The Facebook founder and CEO, Mark Zuckerberg, testified before the US Congress about the data breach scandal his company has been involved in
Zuckerberg said in Congress that he would not oppose a form of regulation of the Internet, which he sees as “inevitable”, given its increasing importance across the world.
The Facebook chief executive has also apologized for not doing enough to protect the users’ personal data: "Facebook is an idealistic and optimistic company. For most of our existence, we focused on all of the good that connecting people can do. And as Facebook has grown people everywhere have gotten a powerful new tool for staying connected to the people they love, for making their voices heard and for building communities and businesses. Just recently we’ve seen the #metoo movement and the March for Our Lives organised, at least on part, on Facebook. After hurricane Harvey people came together to raise more than $20 million for relief. And more than 70 million small businesses used Facebook to create jobs and grow. But it's clear now that we didn't do enough to prevent these tools form being used as harm as well. And that goes for fake news, for foreign interference in elections and hate speech as well as developers and data privacy. We didn't take a broad enough view of our responsibility and that was a big mistake and it was my mistake and I'm sorry.”
Zuckerberg’s hearing in Congress has taken place after it was revealed that data analytics company Cambridge Analytica secretly harvested the personal data of millions of Facebook users, which it allegedly used to understand their psychology in order to influence their vote in favour of Donald Trump and in the case of Brexit.
So now we have to go through every part of our relationship with people and make sure that we’re taking a broad enough view of our responsibility, Mark Zuckerberg said before the US Congress: “It's not enough to just connect people. We have to make sure those connections are positive. It's not enough to give people a voice. We have to make sure people aren't using it to harm people or spread disinformation. And it’s not enough to give people tools to sign into apps, we have to ensure that all of those developers protect people’s information too.”
Romanian nationals have also been among the Facebook users whose personal data has been used. Invited on a show on Radio Romania, Bogdan Botezatu, a cyber-threat expert at BitDefender, has referred, among others, to the dangers related to access to personal data available online and about what happened at Cambridge Analytica.
Bogdan Botezatu: “Currently, data and information on users are the new petroleum. Any company which respects itself uses the so called telemetry, that is it aggregates and purchases information from other companies and puts all the pieces together. Companies usually do this for financial purposes, that is any company which has access to such information will try to get money by selling advertising space or time, in accordance with the information measurements. We are speaking about various products. What is different now with Facebook, is that they have sold presidents, political candidates and maybe messages to leave the European Union, for us to buy. This is the only difference-we haven’t been sold products, but political candidates”.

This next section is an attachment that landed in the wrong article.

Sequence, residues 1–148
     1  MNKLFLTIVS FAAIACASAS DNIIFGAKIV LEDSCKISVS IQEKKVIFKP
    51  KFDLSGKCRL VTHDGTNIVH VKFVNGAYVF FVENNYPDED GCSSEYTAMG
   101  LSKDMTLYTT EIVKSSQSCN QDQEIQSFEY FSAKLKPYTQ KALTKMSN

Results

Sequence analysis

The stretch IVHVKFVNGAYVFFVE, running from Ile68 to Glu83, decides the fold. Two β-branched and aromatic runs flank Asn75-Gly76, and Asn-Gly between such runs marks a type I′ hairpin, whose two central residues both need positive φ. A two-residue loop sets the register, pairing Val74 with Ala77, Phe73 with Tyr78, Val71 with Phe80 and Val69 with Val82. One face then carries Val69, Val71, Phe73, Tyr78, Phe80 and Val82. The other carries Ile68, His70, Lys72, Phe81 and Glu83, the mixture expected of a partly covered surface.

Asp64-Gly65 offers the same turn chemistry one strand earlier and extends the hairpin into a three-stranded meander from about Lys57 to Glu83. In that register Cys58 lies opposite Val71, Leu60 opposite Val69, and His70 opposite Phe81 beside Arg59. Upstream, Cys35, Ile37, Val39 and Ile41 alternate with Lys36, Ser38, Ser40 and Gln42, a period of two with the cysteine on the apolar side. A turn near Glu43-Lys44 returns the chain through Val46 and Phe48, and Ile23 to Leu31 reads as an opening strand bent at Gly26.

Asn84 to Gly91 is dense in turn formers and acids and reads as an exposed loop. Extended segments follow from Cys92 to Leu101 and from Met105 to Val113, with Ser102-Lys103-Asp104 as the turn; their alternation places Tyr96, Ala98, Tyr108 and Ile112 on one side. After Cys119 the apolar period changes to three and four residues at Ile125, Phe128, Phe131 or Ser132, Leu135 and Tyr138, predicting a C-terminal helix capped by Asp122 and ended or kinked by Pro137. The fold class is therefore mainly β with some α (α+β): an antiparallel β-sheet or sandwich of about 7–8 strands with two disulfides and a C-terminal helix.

Data of some 100,000 Romanians have thus been collected. Are the Romanians more vulnerable or more resistant? Bogdan Botezatu: “I believe we are just as vulnerable to this kind of manipulation as any other country, as any other population that has access to technology. The situation has been in the media many times, although here we have used the term ‘fake news’. The fact that there were also Romanians who were profiled by the Cambridge Analytica app shows there’s a certain amount of interest in this country, because on the Internet we are able to somehow classify the population we speak to. In the early days of this survey users were paid one dollar to install the app in question and take the survey. So Cambridge Analytica found several hundred or perhaps several thousands of people in Romania who were willing to take part in the survey, it paid money to get them to join the respective study. So there’s probably an interest here. They also wanted to collect information about Romanians, to profile them a bit, in the event they have a business partner in Romania, politic figures or organisations or anybody else who might want to run a campaign with Cambridge Analytica.”
Unfortunately, says Bogdan Botezatu, no software can be created that makes users immune to such apps.